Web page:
As India stoops to conquer Nepal by laying out the red carpet for the visit of prime minister Khadga Prasad Oli later this week, it is indicating a new self-awareness that its foreign policy missteps have allowed China to gain ground in the neighbourhood, and demonstrating its willingness to sweat behind the scenes to make up for lost time.
External Affairs Minister Sushma Swaraj’s recent visit to Kathmandu to meet and greet Prime Minister Oli is an example of this new-found pragmatism. In the space of three years, Swaraj has gone from pushing the lost cause of the “roti-beti rishta”— a kinship with the Madhes — and informally backing a blockade so as to send Kathmandu the message that it must treat all its citizens equally; in Kathmandu, she told Oli that Delhi is ready to deal with Nepal as an important neighbour, irrespective of how it wants to discriminate against the people of the Terai.
It is interesting that in this last year before the 2019 general elections, Swaraj is being able to put her stamp more forcefully on foreign policy. Perhaps Prime Minister Narendra Modi is increasingly distracted by several upcoming elections at home or dealing with the somewhat disaffected NDA coalition.
Fact is, India’s “neighbourhood first” policy is in a bit of a shambles. Modi’s impatient dealing with the craftiness, guile and plain independent-mindedness of sovereign nations in India’s near abroad has led to several false fits, starts and stops. The prime minister and early foreign office perhaps couldn’t get over the fact that these nations didn’t fall over themselves in responding to Modi’s warm handshakes and embraces soon after he came to power in 2014.
The learning has come at a price. When nations like Nepal and the Maldives scampered to Beijing for assurance, India, instead of assuaging them, drew itself up to its full height, puffed up its chest for full impact and read them the riot act. The neighbourhood is replete with terrible stories of the arrogance of Delhi’s men and women snorting and stamping their feet when these neighbours “don’t listen”. Or there is the version of The Icy Glare. One probably apocryphal story about a visiting Indian official in Kathmandu has him telling local leaders, “Why are you complaining to me, now?”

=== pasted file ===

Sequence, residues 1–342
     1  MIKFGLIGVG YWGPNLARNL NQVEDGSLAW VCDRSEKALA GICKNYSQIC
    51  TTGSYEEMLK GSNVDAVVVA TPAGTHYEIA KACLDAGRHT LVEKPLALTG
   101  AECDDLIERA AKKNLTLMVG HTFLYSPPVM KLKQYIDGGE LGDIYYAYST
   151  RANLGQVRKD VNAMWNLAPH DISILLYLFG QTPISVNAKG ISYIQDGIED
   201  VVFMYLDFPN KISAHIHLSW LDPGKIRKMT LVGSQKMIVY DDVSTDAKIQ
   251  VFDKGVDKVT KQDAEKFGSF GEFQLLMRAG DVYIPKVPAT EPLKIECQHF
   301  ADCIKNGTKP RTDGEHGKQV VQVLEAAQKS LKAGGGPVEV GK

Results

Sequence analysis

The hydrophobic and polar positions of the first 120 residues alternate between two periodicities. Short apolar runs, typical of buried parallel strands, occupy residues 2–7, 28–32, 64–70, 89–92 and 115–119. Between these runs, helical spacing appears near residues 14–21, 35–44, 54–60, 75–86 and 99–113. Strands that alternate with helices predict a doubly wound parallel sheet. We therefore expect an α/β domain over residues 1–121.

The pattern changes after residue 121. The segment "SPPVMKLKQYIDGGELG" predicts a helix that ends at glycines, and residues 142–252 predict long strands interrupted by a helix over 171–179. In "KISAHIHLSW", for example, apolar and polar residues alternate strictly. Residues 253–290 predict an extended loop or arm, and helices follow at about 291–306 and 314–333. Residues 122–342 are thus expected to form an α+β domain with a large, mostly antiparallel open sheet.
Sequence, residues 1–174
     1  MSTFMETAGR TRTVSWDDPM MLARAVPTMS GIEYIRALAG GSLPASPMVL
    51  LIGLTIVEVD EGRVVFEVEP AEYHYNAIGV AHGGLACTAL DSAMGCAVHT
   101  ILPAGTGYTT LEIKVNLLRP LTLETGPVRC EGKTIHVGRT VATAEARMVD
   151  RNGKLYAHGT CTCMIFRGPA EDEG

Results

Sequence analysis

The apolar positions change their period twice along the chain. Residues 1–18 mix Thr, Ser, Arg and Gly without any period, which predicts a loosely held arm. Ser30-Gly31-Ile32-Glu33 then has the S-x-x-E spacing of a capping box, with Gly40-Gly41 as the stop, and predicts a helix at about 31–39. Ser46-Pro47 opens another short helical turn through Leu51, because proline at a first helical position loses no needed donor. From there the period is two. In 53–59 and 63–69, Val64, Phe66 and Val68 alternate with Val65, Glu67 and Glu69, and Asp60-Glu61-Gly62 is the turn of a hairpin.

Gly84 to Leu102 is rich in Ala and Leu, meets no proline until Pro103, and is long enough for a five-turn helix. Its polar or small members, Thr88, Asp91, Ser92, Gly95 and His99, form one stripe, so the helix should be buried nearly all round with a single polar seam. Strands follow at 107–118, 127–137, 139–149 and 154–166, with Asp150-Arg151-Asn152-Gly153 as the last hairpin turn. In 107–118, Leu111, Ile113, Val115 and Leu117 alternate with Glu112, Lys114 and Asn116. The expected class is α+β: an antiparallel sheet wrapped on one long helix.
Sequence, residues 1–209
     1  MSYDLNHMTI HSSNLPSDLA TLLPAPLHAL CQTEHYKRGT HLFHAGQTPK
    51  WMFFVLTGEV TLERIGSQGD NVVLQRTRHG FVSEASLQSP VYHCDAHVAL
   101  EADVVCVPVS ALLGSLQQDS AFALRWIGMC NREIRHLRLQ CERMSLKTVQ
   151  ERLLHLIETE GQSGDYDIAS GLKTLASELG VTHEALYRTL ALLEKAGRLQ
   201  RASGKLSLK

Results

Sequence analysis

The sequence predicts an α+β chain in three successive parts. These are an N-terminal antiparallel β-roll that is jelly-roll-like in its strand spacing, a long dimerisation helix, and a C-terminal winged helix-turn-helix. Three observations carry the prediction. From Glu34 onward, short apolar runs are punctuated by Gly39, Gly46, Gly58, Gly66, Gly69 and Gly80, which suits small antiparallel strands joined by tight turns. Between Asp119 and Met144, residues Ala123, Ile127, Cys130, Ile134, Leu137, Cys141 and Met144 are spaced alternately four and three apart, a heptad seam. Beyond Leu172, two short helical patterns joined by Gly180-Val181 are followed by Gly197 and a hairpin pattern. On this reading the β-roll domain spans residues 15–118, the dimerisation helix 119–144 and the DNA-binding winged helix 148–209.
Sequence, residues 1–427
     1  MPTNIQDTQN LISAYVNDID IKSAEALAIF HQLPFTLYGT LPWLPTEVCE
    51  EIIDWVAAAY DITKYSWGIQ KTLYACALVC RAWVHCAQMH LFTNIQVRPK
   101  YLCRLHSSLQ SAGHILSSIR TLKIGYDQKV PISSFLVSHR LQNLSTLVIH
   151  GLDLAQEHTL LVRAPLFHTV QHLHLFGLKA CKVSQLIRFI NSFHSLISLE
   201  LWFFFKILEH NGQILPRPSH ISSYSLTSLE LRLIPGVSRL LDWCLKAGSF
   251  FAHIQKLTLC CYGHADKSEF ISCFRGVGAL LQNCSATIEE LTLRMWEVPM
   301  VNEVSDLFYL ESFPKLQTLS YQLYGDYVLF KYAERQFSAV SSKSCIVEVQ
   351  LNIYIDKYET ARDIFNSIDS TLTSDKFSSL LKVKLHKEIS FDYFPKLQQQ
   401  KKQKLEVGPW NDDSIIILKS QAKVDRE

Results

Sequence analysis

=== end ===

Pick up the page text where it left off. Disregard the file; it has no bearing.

Certainly, the Chinese pushed the Maoists and Oli’s moderate communist party to come together during the elections and announce their reunification on April 22, Lenin’s birth anniversary. But the first law of politics is to treat your neighbour with full respect, especially if he has won his elections as resoundingly as yours.
Not for nothing is Chinese president Xi Jinping determined to keep his job for life. Certainly, he will want a second Chinese consulate in Pokhara, build north-south highways from the Tibet border and infiltrate the Terai with listening posts — within kissing distance of India’s open border. Nor does officially atheist China have a problem shoring up a majority Hindu nation Delhi so assiduously helped to transform into a republic in 2006.
China’s assertiveness, as it grows to take on the world, is manifest in South Asia, from Pakistan to the Maldives. Pakistan’s army chief, Qamar Javed Bajwa’s visit to Male is a prime example of how Beijing is pushing its strategic ally, Pakistan, to make new friends and influence people at India’s cost. Talks with Bhutan have been postponed, but Beijing may not be averse to another incursion across the disputed Line of Actual Control to create another distraction as the countdown to elections begin.
One answer to “What India should do?” to take on China’s expansiveness is clear. Egged on by the Americans, the PM was not afraid to confront China in the recent past. The low point came in the summer of 2016 when he asked President Xi on the margins of the Shanghai Cooperation Summit why he was standing in the way of India’s membership of the Nuclear Suppliers Group.
Xi just smiled. India’s prime minister came away, empty-handed. He had been shown his place by Asia’s other big power.
Two years later, aggression has given way to circumspection. Deng Xiaoping’s famous phrase from the 1980s describing China’s foreign policy, which is to adopt “tao guang yang hui”, has been long in coming. At the time, Zhao Qizheng, dean of the School of Journalism of Renmin University and head of the State Council Information Office, had described “tao guang yang hui” as “to observe calmly, secure our position, cope with affairs calmly, hide our capacities and bide our time, be good at maintaining a low profile and never claim leadership”.
Ending the face-off at Doklam, absorbing Oli’s poison darts on India and telling the Maldivian opposition that it has to fight its own battles with the China-friendly Abdulla Yameen are all part of the new “reset” with China. So is Foreign Secretary Vijay Gokhale’s meeting with the Dalai Lama soon after he was named to the top job. Requests by the Tibetan spiritual leader to meet the President and Vice-President are being considered.
With one-fifth the economy of Beijing, Delhi has finally realised it cannot battle with the Chinese on a daily basis. And that India’s neighbourhood must, hopefully, be won differently.
Many centuries ago, when Kautilya lived in Takshashila — part of present-day Pakistan, another of the PM’s current antagonists — the story goes that he was walking in the grounds one day and espied a man pouring honey in front of a colony of ants. What are you doing, he asked. I’m giving them honey, the man replied, adding, Why kill them when I can subdue them with sweetness and light?
Prime Minister Oli, welcome to India.